Monday, May 22, 2017

American War

by Omar El Akkad

"Sarat Chestnut, born in Louisiana, is only six when the Second American Civil War breaks out in 2074. But even she knows that oil is outlawed, that Louisiana is half underwater, and that unmanned drones fill the sky. When her father is killed and her family is forced into Camp Patience for displaced persons, she begins to grow up shaped by her particular time and place. But not everyone at Camp Patience is who they claim to be. Eventually Sarat is befriended by a mysterious functionary, under whose influence she is turned into a deadly instrument of war. The decisions that she makes will have tremendous consequences not just for Sarat but for her family and her country, rippling through generations of strangers and kin alike."

*****

This book. This book hurt. This book was one of my Book of the Month choices for the month of May, and though I'm happy I chose this book, I still find myself wondering, "Why did I do this to myself?"

Let's start with the good. The writing is beautiful. Akkad transitions seamlessly from one character to the next, from one scene to the next, from one year to the next. Never did I feel lost about who was speaking, where they were located, or what side they were on.

Character development - also brilliant. We meet Sarat when she is just a child, living in southern Louisiana -- purple country -- in this novel. She's tenacious, curious, and bright. Akkad sets Sarat up with a personality, and then allows the tornado of her life to envelop her, toss her back and forth, and then spit her out -- a warped, damaged, and bent version of her former self.

Now, for the bad. This novel is terrifying. Terrifying. It begins in the dystopian United States in the year of 2074. The North (blue country), is at civil war with the South (red country). The South, deciding they don't appreciate the new bill introducing a ban on fossil fuels, attempts to secede. There's a war. There are acts of terrorism. There are rebel armies. There is a refugee camp in Alabama. South Carolina is completely quarantined (walls that reach the sky surround the entire state, with snipers sitting in towers making sure no one attempts to leave) after a bio-hazard wipes out the population. Mexico now owns half of California. The Middle East is an empire spanning half the globe.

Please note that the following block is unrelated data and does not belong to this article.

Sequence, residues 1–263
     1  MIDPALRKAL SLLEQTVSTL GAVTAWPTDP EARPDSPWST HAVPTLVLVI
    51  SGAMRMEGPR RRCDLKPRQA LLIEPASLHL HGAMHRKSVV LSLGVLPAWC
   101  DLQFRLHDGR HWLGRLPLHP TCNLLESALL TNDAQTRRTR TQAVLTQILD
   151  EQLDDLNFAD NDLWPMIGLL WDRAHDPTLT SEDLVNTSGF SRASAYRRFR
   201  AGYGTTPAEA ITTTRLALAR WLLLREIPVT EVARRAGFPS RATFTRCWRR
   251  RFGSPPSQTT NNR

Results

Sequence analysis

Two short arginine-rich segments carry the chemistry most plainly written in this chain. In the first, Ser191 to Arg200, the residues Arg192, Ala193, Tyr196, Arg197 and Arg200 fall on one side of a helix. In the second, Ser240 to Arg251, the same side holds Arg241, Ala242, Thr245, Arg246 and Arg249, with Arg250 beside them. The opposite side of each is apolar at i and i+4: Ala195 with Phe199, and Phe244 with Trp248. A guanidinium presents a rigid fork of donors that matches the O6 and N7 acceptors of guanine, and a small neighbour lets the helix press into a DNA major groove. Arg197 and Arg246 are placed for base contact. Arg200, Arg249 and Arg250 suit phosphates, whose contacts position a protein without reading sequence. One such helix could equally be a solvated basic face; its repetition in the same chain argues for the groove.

I'm not even giving anything away; this is all told to the reader within the first five pages.

And, I can picture all of this happening. 

I'm knocking off one star, only because there were points of the book that struggled to hold my attention.

When I finished the book, I thought "Phew. Glad that's over. Glad that isn't real." At least -- it's not real for now.

Rating: 🌟🌟🌟🌟

Buy this book here.

Up Next and Coming Soon: Since We Fell
 

2 comments:

  1. This was a BOTM book I wish I had picked so much that I went out and bought it from a bookstore. I felt it was a 5⭐️ read. You made excellent points. Overall, we felt the same. (Shocker!) But seriously, what a gut punch!!

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    Replies
    1. Right?! It really was a gut-punch; too real!!

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